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One of the books of the Protestant Apocrypha; entitled in some manuscripts "The Judgment of Daniel." The Greek text is extant in two recensions: that of the Septuagint (given only in the Codex Chisianus) and that of Theodotion. The latter is the one adopted by the early Christian writers and followed in the present common English translations. That it was in early times regarded as a part of the Book of Daniel appears from the fact that in most Greek manuscripts it stands at the beginning of that book; Jerome places it at the end of Daniel, with a notice that it is not found in the Hebrew Bible. It was accepted as canonical by the Christians generally up to the third century (its canonicity was disputed by Julius Africanus); and it is still so regarded by Catholics. Origen observes (in the "Epistola ad Africanum") that it was "hidden" by the Jews; but the precise significance of this remark is not clear, as there are no early Jewish references to the book (the comparison of a woman to a red rose, made in the Midrash on Lev. R. xv. at end, has no discernible connection with Susanna).


The texts of the Septuagint and Theodotion differ from each other in a number of details; and other variations are found in the Syriac versions (ed. by Walton and Lagarde). The main story is as follows: Susanna ( = "lily"; comp. Cant. ii. 1), the beautiful and pious wife of the rich Joacim (Joakim) of Babylon, walking in her garden, is seen by two elders, recently appointed judges, who, inflamed with lust, approach her with an infamous proposal, and, when repulsed, accuse her publicly of adultery. Brought before the tribunal, she is found guilty, and is led forth to execution; but at this moment Daniel, then a young lad, interposes and by a clever device shows the falsity of the accusers. These are put to death; Susanna is justified; and Daniel's reputation among the people is thenceforth very high. The Septuagint version appears to be the older: it is cruder than the other, and introduces an angel (verse 45) who inspires Daniel with wisdom for the emergency. The Theodotion text is fuller, and has more literary finish.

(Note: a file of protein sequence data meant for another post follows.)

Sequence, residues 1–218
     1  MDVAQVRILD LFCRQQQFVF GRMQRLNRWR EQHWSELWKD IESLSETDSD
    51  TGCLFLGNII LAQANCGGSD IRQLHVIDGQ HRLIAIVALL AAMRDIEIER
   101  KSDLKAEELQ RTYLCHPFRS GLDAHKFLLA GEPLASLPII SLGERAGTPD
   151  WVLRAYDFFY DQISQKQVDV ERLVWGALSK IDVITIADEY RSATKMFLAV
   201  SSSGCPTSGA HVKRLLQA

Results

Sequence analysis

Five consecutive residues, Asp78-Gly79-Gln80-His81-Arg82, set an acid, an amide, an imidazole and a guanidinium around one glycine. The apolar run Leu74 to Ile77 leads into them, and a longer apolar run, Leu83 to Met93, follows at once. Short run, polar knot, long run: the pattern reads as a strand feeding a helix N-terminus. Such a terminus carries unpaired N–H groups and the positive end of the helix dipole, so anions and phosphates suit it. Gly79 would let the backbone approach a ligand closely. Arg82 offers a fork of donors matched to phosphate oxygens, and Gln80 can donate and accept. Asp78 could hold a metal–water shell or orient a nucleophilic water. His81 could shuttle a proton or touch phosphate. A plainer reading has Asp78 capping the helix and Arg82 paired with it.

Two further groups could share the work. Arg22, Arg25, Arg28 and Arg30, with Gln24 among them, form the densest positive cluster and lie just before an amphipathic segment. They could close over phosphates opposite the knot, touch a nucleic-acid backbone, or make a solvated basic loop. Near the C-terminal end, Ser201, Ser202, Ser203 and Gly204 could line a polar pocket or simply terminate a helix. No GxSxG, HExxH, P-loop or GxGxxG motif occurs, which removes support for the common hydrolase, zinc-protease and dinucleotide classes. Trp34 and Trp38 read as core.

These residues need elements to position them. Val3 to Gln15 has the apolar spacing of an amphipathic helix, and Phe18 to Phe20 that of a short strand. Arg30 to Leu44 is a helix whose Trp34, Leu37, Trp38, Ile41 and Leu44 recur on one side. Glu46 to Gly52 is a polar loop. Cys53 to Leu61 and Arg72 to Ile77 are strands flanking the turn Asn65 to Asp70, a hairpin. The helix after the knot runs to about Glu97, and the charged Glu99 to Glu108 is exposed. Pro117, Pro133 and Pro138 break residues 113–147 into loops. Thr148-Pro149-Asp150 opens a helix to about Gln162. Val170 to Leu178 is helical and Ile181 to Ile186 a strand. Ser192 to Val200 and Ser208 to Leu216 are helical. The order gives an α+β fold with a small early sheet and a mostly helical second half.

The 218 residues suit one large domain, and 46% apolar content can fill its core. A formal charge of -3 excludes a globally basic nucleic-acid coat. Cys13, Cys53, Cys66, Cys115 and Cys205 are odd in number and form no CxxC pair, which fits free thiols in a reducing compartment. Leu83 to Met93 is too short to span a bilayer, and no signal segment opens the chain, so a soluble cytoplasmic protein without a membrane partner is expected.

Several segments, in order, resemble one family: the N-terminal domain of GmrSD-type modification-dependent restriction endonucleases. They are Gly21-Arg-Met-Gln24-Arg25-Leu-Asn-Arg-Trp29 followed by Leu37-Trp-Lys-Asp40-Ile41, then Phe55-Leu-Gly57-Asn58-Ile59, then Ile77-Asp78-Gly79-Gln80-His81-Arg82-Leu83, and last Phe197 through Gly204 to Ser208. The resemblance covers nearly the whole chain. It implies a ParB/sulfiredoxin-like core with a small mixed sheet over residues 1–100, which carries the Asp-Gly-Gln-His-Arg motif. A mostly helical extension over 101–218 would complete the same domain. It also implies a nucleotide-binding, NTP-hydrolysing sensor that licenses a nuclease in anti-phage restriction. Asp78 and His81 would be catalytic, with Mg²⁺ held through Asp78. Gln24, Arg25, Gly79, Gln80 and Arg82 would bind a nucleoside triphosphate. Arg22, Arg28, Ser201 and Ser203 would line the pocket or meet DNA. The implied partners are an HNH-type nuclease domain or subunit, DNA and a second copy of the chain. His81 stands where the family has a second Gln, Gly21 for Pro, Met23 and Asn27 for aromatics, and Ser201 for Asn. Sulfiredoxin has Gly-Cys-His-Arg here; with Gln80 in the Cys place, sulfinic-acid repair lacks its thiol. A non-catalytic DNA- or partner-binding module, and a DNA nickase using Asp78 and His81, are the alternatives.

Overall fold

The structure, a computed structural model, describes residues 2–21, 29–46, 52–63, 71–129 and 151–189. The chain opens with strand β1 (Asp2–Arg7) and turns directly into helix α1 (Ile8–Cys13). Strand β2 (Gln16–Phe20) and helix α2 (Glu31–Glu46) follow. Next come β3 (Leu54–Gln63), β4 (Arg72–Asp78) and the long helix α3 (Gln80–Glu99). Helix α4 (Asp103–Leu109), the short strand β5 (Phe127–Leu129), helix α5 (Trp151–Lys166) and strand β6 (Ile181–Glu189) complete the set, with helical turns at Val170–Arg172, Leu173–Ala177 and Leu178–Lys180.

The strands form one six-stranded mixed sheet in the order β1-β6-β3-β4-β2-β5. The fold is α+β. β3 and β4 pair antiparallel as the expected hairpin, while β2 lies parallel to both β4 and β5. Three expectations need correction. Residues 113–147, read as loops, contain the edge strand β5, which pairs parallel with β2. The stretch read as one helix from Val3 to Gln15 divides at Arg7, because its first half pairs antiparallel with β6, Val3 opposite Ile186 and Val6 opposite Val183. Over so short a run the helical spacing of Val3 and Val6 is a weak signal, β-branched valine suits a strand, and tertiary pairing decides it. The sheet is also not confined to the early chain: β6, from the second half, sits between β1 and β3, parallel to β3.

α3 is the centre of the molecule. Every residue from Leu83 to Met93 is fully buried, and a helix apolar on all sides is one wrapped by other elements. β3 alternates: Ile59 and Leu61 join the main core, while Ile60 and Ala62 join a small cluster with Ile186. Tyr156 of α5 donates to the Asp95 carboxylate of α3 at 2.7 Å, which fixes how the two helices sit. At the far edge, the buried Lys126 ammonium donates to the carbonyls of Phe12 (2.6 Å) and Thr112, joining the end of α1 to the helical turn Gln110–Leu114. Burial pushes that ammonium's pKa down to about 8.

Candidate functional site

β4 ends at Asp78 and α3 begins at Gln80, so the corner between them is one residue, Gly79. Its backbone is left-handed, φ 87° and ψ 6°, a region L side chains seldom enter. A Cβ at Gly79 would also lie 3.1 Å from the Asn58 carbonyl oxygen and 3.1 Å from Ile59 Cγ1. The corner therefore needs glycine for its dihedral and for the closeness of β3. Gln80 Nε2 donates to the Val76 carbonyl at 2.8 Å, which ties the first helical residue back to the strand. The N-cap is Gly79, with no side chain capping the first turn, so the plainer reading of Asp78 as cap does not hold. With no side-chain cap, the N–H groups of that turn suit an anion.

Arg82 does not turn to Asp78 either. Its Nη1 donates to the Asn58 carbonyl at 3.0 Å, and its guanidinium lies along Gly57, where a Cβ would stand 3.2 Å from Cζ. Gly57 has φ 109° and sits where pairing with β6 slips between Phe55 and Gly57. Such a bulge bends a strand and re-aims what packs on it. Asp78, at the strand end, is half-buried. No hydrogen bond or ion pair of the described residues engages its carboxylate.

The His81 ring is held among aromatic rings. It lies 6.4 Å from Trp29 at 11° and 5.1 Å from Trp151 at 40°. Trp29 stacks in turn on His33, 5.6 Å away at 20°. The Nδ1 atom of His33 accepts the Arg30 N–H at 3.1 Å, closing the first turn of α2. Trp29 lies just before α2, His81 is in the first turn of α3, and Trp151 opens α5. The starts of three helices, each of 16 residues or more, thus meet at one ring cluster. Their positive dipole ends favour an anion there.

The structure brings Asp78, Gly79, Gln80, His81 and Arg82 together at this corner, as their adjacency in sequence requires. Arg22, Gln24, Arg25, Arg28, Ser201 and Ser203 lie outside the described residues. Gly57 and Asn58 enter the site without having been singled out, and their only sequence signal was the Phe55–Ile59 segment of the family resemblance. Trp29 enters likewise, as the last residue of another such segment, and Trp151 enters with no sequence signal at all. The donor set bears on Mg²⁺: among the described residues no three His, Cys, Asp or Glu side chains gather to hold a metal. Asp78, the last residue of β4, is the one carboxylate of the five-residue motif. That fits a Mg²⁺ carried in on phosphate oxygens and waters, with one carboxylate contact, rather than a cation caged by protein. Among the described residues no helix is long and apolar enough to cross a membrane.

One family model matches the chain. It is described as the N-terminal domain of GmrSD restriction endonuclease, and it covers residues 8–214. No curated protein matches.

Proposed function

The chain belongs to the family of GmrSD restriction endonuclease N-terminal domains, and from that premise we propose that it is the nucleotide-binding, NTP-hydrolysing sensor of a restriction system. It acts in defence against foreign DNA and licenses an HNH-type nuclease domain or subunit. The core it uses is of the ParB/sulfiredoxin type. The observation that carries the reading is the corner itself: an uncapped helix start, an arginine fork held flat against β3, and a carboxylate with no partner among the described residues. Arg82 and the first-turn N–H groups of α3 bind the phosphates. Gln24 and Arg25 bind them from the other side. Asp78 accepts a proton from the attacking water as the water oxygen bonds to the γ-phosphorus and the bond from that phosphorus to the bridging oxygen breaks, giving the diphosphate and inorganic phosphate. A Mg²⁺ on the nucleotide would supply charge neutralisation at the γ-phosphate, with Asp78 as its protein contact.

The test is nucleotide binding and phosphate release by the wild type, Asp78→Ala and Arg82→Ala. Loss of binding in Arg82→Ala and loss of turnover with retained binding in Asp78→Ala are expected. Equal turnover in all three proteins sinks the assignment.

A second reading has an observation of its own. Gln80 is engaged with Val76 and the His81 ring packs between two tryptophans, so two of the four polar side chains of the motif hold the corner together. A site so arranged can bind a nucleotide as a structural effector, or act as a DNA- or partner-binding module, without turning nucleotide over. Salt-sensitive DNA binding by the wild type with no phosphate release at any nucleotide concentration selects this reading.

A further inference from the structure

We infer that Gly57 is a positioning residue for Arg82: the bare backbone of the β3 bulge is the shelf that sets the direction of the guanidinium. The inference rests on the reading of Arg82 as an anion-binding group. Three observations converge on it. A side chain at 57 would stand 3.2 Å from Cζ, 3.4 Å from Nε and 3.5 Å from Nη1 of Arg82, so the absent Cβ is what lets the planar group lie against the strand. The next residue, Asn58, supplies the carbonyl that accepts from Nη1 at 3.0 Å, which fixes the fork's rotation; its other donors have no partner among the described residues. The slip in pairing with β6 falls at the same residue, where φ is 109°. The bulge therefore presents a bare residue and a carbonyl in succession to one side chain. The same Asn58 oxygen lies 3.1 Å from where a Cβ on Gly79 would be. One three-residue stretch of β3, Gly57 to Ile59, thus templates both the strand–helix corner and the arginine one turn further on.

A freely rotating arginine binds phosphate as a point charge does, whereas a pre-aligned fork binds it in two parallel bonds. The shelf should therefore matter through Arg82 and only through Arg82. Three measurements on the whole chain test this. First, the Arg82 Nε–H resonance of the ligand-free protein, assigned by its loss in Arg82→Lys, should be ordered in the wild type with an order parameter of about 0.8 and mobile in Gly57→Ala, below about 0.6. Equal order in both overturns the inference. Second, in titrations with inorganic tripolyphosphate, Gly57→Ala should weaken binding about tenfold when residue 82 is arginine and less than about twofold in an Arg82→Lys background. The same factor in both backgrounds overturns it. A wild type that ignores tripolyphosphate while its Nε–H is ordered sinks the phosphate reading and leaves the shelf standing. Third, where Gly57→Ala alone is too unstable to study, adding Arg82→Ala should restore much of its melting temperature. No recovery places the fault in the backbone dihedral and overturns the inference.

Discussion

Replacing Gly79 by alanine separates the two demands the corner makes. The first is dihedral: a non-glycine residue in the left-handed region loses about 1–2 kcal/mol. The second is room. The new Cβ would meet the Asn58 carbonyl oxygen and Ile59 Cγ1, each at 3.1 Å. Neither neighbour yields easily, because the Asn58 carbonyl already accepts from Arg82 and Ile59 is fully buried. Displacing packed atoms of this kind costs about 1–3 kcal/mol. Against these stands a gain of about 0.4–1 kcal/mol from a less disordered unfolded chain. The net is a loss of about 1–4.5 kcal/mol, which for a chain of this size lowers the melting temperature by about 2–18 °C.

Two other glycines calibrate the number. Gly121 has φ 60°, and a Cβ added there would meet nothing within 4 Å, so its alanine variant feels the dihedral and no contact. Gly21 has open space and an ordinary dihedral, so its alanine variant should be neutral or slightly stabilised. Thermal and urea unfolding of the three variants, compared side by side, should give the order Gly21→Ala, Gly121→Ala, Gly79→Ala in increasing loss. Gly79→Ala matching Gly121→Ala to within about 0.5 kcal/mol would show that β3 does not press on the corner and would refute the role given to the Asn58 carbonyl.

The origin of the story is uncertain: possibly itrests on some tradition, but more probably is a pure invention suggested by facts of not infrequent occurrence (see Jer. xxix. 23, and comp. Koran ii. 96). The author's purpose is variously conceived: as insistence on carefulness in judging or as admonition to young men to be wise like Daniel (see verse 62 in the Septuagint). But it is unnecessary to suppose a definite moral. The story is a folk-tale in laudation of the famous prophet Daniel; and the moral, such as it is, develops naturally from the incidents.

The booklet probably dates from the second or first century B.C. It appears to have been written originally in Greek: the style is flowing; and the Hebraisms are such as are found in the Septuagint. There are two plays upon words in the Greek (verses 54, 55, and 58, 59); and these are commonly supposed to point to a Greek original; but Marshall (in Hastings, "Dict. Bible," s.v.) maintains that they may be explained from an Aramaic text.

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